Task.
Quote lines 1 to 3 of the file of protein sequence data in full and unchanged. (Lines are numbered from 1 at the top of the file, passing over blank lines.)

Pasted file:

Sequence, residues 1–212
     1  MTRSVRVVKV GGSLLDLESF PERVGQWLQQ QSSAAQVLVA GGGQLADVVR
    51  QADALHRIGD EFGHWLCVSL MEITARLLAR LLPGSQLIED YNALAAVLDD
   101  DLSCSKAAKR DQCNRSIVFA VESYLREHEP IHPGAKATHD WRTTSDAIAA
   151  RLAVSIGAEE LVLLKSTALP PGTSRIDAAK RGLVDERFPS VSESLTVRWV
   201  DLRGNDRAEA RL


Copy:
Sequence, residues 1–212
     1  MTRSVRVVKV GGSLLDLESF PERVGQWLQQ QSSAAQVLVA GGGQLADVVR
    51  QADALHRIGD EFGHWLCVSL MEITARLLAR LLPGSQLIED YNALAAVLDD